By Nokhuthaba Dhlamini
Fourteen-year-old Sabelo Ndlovu was determined to become a nurse and was one of the few pupils in her rural school in Nkayi in Matabeleland North Province that took their studies seriously.
Ndlovu, an orphan badly wanted to lift her grandmother and extended family out of the poverty cycle synonymous with Nkayi’s Donsa village, but her dream was crushed when Covid-19 struck in 2020.
Her grandmother said she was no longer able to pay her school fees because Covid-19 lockdowns had made it harder for her to generate any income from her basket weaving business.
Ndlovu had to drop out of school after completing Grade 7 and moved to Nkayi centre to look for a job as a domestic worker.
“I have been working as a maid for a family at Nkayi Centre for the past nine months,” she said.
“At first, the job was a huge burden on me because of the duties and responsibilities that come with being a domestic worker and looking after a family, but I am now used to it.”
Her main duties involve looking after three minors, the youngest being three months old in addition to preparing meals for the family, cleaning, gardening, and helping the children with their homework.
Ndlovu has to use part of her meagre salary to support her grandmother and siblings back home.
“I earn $800 per month,” she said.
“It is not enough, but my employer always dares me to leave when people are being laid off due to the Covid-19 pandemic.”
On the parallel foreign currency market, Sabelo’s salary is equivalent to US$4.50 and can hardly sustain her.
Her story is similar to that of Natalie Ncube from Guwe in Nkayi, who started working at the age of 15 after dropping out of school in 2019 when she was doing Form One.
Ncube got her first job in Bulawayo, but it was short-lived after her employer died suddenly.
She moved to Inyathi in Bubi district where she also worked as a maid, but also lost her job after a few months following the outbreak of Covid-19.
“I would’ve loved to be in school, but my parents never prioritised that when they lived in South Africa,” Ncube said.
“Covid-19 has even made it worse as I no longer have employment nor education and I am just here in my rural home without any plans.”
The tale of the two Nkayi girls is shared by tens of thousands of young people throughout Zimbabwe, who have been forced out of school by the Covid-19 pandemic to look for jobs to sustain their struggling families.
According to the Zimbabwe Vulnerability Assessment Committee (ZimVac) 2021 Rural Livelihoods Assessment Report, 23 percent of school-going age children are not going to school because of the pandemic.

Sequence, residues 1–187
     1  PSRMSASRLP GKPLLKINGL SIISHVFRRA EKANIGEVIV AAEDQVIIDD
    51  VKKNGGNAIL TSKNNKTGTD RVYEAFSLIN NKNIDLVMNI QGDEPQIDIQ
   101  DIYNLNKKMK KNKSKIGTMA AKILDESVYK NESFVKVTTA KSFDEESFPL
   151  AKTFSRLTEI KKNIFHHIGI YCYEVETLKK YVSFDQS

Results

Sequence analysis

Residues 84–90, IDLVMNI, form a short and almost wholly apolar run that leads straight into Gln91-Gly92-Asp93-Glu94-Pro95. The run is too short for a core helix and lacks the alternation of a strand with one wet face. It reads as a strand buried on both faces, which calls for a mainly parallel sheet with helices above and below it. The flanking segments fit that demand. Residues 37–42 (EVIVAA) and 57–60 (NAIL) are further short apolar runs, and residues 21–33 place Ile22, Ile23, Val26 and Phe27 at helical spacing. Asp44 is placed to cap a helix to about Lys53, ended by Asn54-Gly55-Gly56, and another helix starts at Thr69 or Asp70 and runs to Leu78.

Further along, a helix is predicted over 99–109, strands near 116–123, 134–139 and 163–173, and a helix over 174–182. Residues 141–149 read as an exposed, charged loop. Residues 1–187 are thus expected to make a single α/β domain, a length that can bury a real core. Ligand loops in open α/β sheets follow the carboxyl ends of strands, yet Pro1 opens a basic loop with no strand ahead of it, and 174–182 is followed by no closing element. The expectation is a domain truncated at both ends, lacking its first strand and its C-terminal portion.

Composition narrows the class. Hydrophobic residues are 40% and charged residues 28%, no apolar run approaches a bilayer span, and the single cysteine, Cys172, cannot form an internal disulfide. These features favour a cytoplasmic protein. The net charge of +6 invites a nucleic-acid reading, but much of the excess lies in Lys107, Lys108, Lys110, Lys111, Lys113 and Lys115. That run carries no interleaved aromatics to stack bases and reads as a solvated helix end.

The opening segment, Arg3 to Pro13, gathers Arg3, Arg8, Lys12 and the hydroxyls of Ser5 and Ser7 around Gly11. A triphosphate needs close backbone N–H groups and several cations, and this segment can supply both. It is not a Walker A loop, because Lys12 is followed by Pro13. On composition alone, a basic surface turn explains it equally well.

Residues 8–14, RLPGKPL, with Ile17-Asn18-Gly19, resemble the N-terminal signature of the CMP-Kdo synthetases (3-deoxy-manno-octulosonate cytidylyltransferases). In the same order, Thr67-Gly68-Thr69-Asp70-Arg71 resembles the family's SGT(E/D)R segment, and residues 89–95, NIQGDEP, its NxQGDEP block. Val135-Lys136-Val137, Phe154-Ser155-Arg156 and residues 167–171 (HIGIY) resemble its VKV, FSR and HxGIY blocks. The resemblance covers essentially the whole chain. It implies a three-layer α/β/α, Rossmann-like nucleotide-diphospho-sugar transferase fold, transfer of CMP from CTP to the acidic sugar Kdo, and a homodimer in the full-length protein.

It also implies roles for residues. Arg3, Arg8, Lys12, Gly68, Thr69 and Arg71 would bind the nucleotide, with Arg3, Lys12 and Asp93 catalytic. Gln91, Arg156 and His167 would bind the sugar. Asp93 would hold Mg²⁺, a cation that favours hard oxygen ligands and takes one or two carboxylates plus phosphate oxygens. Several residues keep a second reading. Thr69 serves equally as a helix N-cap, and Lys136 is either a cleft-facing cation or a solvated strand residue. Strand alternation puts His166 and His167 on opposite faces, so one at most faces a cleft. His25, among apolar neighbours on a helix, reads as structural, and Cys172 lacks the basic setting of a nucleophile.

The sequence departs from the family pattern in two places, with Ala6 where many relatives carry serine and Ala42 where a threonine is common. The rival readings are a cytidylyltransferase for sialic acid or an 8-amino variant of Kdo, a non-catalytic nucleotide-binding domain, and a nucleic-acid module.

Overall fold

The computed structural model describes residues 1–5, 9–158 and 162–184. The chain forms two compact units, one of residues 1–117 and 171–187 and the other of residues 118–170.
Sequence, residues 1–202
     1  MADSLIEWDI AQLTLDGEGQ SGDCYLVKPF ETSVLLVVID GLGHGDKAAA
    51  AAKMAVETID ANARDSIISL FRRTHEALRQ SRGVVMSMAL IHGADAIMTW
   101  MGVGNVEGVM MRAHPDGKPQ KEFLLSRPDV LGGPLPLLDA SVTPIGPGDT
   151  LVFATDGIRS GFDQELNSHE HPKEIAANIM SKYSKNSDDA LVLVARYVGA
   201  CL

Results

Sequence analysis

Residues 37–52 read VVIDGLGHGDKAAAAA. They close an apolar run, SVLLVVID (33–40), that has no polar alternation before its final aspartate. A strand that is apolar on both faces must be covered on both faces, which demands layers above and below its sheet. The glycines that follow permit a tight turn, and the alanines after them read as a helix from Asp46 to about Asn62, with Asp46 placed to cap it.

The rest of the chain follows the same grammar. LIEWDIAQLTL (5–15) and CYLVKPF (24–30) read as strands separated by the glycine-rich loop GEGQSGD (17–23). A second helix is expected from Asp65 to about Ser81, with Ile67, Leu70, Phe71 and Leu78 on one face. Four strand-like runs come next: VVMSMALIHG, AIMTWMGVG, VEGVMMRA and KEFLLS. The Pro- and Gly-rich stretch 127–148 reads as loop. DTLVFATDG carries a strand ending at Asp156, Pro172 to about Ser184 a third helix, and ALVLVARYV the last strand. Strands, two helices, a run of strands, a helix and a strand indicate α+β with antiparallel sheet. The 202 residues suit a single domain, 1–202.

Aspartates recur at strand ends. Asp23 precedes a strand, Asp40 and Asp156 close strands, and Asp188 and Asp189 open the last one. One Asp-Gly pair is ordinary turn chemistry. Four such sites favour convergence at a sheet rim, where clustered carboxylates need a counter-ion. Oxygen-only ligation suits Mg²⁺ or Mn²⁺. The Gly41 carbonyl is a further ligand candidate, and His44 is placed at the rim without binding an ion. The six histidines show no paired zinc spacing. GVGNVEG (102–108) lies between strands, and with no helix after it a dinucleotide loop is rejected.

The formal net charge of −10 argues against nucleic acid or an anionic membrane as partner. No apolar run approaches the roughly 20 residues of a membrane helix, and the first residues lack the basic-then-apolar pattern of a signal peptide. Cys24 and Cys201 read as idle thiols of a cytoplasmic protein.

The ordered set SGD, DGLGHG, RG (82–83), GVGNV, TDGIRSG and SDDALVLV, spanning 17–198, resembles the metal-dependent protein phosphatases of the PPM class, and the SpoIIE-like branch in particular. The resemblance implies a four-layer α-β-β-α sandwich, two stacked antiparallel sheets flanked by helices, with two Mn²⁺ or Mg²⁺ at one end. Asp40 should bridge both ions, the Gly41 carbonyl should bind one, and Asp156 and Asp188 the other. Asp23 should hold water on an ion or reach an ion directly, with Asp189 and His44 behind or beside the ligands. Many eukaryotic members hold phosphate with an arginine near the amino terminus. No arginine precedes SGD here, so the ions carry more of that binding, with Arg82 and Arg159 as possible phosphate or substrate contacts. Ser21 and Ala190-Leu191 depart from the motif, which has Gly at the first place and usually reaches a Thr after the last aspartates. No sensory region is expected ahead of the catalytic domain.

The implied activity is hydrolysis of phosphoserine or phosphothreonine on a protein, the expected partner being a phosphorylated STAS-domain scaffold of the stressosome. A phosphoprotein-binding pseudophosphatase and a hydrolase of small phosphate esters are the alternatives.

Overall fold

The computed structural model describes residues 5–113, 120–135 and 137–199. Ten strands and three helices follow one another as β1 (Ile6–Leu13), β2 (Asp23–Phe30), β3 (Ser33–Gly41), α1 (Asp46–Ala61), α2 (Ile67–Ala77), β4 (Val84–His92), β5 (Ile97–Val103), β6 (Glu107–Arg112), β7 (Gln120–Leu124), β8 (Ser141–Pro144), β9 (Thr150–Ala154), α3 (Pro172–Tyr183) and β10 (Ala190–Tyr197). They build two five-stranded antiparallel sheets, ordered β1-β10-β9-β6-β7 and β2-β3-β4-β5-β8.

The ZimVac report stated that financial constraints, pregnancies, early marriages, and children being considered too young, were the major reasons why some children were not attending school.
Other reasons included illnesses, lack of interest in school, and long distances travelled to schools.
The report recommended urgent strengthening of the government’s humanitarian programmes and stronger partnerships with its development partners.
It said Matabeleland South had the highest number of children not attending school with 27 percent, followed by Matabeleland North with 26 percent.
Mashonaland West had 24 percent while Mashonaland Central had 23 percent, with the Midlands at 22 percent.
Masvingo and Manicaland had the lowest numbers at 18 percent.
Guwe village head, Enock Dladla, said many teenagers in his area were now working at a young age after dropping out of school.
While some are getting jobs locally; others are illegally crossing into South Africa searching for jobs, he said.
“It has become a norm for teenagers in rural areas to not complete their education, and then look for employment. Some even start working at the age of 15,” Dladla said.
“At that age, the teenager will still be a child, and she won’t be ready mentally or physically to assume the responsibilities of a domestic worker.
“This is a sad reality, and something has to be done to address it.”
The Guwe community leader said there was a need for government to put in place more programmes to fund education for children from under privileged families.
He said some children, who have great potential are missing on opportunities to get an education and better their lives because of financial challenges.
“Every child must go to school because it’s their basic right,” Dladla said.
“A child would rather go through school and not do well than dropping out.
“A child’s future must not be destroyed because they didn’t get the chance to go to school.”